Joel Cassells is going back to his roots after taking the decision to leave the GB Senior Squad with immediate effect.
The former World and European Lightweight Men's Pair champion has taken the decision after last year's ruling by the World Rowing Federation (FISA) to remove the lightweight division from the Olympic roster.
That coupled with a tough trials weekend recently at Caversham, where the sweep oarsman struggled to compete in a single scull at the high level he demanded of himself meant Cassells reassessed his future.
The Coleraine man says it feels like 'the end of era' but he is quick to point out that this in no way means his retirement from the sport.
"It’s been tough, but it has been a decision that I’ve mulled over for a while," said Cassells.
"It's sad that it's an end of an era in some respects, but I look forward to the new challenges as I move on in both sport and life.
"I don’t see this as retirement at all, its merely gong back to enjoying the sport I love for as long as I can."
Cassells had hoped to follow in the footsteps of fellow Coleraine rowers Peter and Richard Chambers by rowing in the Lightweights at the Olympics, but he feels he has been robbed of that dream now.
"My whole experience of rowing changed when FISA decided to remove lightweight rowing from the Olympic roster," he said.
"It was my dream for years to follow in the footsteps of Peter and Richard and row in the lightweight four, that dream was taken away by FISA.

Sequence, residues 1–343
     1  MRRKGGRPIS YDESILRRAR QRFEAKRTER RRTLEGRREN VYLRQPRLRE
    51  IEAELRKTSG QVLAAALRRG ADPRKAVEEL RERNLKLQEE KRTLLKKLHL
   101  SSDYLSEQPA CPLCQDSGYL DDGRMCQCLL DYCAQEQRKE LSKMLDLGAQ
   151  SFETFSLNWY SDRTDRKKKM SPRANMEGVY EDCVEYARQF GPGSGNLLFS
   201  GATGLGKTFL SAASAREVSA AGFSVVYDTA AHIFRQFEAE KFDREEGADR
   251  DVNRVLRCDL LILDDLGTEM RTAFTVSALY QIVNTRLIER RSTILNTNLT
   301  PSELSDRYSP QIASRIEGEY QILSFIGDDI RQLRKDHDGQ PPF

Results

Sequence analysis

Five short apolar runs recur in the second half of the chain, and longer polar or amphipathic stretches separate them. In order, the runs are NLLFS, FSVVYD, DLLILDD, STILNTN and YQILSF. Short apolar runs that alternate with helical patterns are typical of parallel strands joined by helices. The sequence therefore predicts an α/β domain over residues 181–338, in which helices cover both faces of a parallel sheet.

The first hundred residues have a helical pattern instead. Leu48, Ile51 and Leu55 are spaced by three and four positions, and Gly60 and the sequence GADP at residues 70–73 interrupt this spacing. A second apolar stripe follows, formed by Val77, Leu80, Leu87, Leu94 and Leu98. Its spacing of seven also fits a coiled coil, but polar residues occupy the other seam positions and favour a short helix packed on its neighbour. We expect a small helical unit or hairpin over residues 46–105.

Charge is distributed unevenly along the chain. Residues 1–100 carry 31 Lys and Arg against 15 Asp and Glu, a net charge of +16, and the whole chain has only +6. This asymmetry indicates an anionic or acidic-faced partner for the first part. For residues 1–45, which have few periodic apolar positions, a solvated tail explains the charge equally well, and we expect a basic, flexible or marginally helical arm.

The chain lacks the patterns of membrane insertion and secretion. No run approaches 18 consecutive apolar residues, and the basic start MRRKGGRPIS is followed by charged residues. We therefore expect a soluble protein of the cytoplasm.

"You don’t immediately think it affects you, but eventually it starts to hit home that the future has been altered by the politics of sport.
"But life doesn’t always deal you the hand you want, and I just have to accept when to move on.
"I just hope that FISAs decision wasn’t short sighted, and that the repercussions don't have a lasting impact on rowing.
"It's already been hinted that lightweight rowing will likely end after 2020."
Tokyo will host the Games in two years time, but does Cassells feel his Olympic dream is over for good?
"I was always told to never say never," he said.
"If you had told me when I was a wee beginner down at Bann Rowing Club in Coleraine that i’d have achieved what I have done up to now, I’d have never believed you. We’ll see.
"Right now I’m continuing rowing by going by to Oxford Brookes Boat Club, to get stuck into the part of the sport I always enjoyed most, racing in the mens’s eights.
"I’ll be training to race at Henley Royal Regatta, an event I won with Brookes in 2014 before I entered the team.
"Brookes is where I developed as a senior athlete and I can’t wait to get back there and continue where I left off.
"I have the whole summer racing season to look forward to, racing in places like Belgium and Germany, I’ll enjoy every second of it.
"Long term, I’m considering applying to do a masters at Cambridge in 2019 and train for the Boat Race.
"I'm undecided if want to do another full season rowing until then, or whether I look to get a job in Westminster and build my career experience.
"My ambition has always been to pursue a carrier in politics after rowing, in what form and where I haven’t quite decided yet."
As Cassells knows rowing is one of the toughest and challenging sports, but he is relishing getting back in a boat again.
"Challenge is what makes life worth living," he said.
"I can’t wait to get back into a boat at Brookes and start that relentless grind of hard work, racing, and most importantly enjoying it.
"I’ll take each challenge as it comes, first off is getting another win at Henley Royal Regatta then I’ll take it from there.
"What matters most in tough times like this is the support I’ve got from my family and friends.
"I may say it a lot but I value the support from home so much. Thanks goes to everyone who helped me through international rowing.
"Though the game has changed, I still plan to row at the highest level possible, and make the north coast proud."